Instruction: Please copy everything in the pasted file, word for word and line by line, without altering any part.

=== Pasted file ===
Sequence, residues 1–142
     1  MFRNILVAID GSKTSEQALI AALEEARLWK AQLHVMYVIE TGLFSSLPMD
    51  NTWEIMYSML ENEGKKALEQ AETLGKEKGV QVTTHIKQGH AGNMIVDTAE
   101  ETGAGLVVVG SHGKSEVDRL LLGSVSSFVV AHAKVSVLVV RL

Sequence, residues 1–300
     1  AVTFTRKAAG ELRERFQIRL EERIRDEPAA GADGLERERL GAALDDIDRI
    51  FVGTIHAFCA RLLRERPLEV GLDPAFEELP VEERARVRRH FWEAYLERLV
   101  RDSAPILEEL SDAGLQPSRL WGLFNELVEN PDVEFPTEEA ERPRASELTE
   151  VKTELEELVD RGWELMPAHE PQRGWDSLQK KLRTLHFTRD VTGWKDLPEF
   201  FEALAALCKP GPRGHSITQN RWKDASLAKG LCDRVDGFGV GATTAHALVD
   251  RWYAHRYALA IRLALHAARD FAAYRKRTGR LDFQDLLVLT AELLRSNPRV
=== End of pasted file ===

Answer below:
Sequence, residues 1–142
     1  MFRNILVAID GSKTSEQALI AALEEARLWK AQLHVMYVIE TGLFSSLPMD
    51  NTWEIMYSML ENEGKKALEQ AETLGKEKGV QVTTHIKQGH AGNMIVDTAE
   101  ETGAGLVVVG SHGKSEVDRL LLGSVSSFVV AHAKVSVLVV RL

Sequence, residues 1–300
     1  AVTFTRKAAG ELRERFQIRL EERIRDEPAA GADGLERERL GAALDDIDRI
    51  FVGTIHAFCA RLLRERPLEV GLDPAFEELP VEERARVRRH FWEAYLERLV
   101  RDSAPILEEL SDAGLQPSRL WGLFNELVEN PDVEFPTEEA ERPRASELTE
   151  VKTELEELVD RGWELMPAHE PQRGWDSLQK KLRTLHFTRD VTGWKDLPEF
   201  FEALAALCKP GPRGHSITQN RWKDASLAKG LCDRVDGFGV GATTAHALVD
   251  RWYAHRYALA IRLALHAARD FAAYRKRTGR LDFQDLLVLT AELLRSNPRV